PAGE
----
Mars feels closer each day to the Earth and more ideal for the future of human exploration, especially now that the Red Planet may hold salty water flowing on its surfaces, according to new evidence discovered by scientists from NASA spacecraft data.

NASA's Mars Reconnaissance Orbiter have taken high-resolution photographs of possible flowing water during the warmest months on Mars, when dark, finger-like lines are seen on some Martian slopes. In the middle latitudes of the Planet's southern hemisphere.

The mysterious lines, called "recurring slope lineae," are estimated to be between 1.6 to 16 feet wide. The size of the lineae is rather small when compared to the larger gullies on Mars. The scientists were clear to point out that the larger gullies would have required a larger quantity of water to form than what was recently discovered. 

"The best explanation for these observations so far is the flow of briny water," said Alfred McEwen of the University of Arizona, Tucson. McEwen serves as the principal investigator for the camera and lead author of a report about the findings released Thursday in the journal Science.  

However, evidence for water flowing in Mars remain circumstantial. "We have no direct detection of water," added McEwen.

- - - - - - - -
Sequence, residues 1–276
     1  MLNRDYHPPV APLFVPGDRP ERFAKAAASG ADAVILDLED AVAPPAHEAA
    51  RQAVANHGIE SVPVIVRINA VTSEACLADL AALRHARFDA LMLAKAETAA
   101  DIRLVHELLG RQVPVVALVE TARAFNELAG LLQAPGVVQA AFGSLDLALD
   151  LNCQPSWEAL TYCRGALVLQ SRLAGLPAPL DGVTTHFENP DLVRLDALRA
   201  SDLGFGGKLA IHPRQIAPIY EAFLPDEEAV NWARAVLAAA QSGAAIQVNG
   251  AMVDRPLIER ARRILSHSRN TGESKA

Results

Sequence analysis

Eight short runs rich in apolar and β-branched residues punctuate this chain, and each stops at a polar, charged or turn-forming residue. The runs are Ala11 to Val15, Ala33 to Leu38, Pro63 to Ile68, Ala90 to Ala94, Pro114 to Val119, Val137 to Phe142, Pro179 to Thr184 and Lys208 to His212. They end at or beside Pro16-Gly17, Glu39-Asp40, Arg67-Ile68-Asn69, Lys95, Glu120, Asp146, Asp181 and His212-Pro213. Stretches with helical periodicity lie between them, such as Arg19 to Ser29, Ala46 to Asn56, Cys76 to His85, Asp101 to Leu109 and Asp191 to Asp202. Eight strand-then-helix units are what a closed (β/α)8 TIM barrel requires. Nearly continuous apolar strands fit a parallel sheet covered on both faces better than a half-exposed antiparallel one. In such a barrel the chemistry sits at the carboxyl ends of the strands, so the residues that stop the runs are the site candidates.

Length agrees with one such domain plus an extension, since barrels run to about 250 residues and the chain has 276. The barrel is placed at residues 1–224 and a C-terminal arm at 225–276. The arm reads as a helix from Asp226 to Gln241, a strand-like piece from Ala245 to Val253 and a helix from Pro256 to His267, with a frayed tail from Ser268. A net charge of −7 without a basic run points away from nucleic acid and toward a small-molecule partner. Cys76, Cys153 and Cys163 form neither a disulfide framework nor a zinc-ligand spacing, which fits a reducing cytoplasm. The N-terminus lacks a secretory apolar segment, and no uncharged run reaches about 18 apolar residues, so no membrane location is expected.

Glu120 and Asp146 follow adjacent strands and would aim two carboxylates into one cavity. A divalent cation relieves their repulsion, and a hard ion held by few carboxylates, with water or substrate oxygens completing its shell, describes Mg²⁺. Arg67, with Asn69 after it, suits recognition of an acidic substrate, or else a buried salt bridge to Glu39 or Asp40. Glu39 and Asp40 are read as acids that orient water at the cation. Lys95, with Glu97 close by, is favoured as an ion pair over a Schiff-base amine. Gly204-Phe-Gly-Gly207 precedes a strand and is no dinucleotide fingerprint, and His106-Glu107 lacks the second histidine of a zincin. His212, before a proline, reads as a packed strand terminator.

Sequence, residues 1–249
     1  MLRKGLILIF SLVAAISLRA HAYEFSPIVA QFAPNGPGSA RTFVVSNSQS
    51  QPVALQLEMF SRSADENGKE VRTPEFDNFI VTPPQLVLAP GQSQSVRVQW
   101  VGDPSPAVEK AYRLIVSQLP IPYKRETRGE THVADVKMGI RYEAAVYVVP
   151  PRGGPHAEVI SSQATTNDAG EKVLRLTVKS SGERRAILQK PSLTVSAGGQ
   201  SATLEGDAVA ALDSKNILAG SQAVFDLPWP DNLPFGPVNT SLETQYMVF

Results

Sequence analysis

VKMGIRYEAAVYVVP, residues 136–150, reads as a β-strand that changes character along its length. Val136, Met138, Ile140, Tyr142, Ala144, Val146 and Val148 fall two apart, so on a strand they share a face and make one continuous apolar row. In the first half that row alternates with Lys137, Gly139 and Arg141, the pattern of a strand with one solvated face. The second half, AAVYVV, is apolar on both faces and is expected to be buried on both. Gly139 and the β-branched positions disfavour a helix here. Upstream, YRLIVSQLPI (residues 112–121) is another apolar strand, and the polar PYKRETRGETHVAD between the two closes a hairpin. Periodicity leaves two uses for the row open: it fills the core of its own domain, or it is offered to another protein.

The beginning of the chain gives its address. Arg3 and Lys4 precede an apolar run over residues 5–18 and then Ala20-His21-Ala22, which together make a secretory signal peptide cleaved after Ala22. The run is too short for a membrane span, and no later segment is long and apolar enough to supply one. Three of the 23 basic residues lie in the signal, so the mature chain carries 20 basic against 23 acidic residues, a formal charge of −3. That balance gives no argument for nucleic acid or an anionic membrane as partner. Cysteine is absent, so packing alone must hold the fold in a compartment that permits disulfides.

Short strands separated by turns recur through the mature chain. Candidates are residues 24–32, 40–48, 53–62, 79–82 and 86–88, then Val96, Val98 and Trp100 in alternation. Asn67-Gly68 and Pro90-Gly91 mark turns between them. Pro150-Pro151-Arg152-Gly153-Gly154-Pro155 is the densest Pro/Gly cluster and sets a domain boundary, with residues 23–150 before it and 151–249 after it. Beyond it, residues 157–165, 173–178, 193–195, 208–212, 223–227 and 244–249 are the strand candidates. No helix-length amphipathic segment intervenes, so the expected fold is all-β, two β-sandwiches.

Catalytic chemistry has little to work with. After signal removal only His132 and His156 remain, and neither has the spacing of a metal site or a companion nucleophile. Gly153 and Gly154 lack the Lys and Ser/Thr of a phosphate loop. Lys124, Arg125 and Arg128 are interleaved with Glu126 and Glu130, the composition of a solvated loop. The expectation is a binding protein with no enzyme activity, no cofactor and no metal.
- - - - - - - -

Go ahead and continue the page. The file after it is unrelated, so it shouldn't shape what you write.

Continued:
While puzzling elements remain, flows of liquid brine fit the features' characteristics better than alternate hypotheses, says NASA. Saltiness lowers the temperature of water that would otherwise freeze. Locations where water flows actively become warm enough, even in the shallow spots, to sustain liquid water that is about as salty as Earth's oceans, while pure water would freeze at the observed temperatures.

"It's a mystery now, but I think it's a solvable mystery with further observations and laboratory experiments," McEwen said.

This is the closest scientists have gotten to finding evidence of liquid water on Mars. They have detected frozen water in many middle to high-latitude regions. However, nothing until now has suggested there is flowing water on the planet.

Finding water on mars has long been a search of NASA. If there is water, there is hope for life on the planet. The agency has been sending spacecrafts to Mars since the 1970s.

"If there were to have been life on Mars and if it evolved and adapted to this permafrost world, I think those are reasonable things that we could go look for," NASA officials said in a press conference. "If there are cold salty waters that never freeze, despite the cold frozen surrounding ground, then they simply remain active at all times, although at lower metabolic rates when the coldest temperatures occur. If the environment is one which it is liquid seasonally but pretty much freezes up solid at other times of the year, then that would have to be an organism that can go into a dormant state."

Taking the seasonality, latitude distribution and brightness into account, the supposed water would be a volatile material. 

"It is more like a syrup, maybe, in how it flows," said McEwen.

McEwen and his team are hoping the NASA and the European Space Agency mission, ExoMars, will help produce more evidence in support of their discovery.  The ExoMars launch in 2016 will send a probe to mars to detect trace gases in the Martian atmosphere, including water.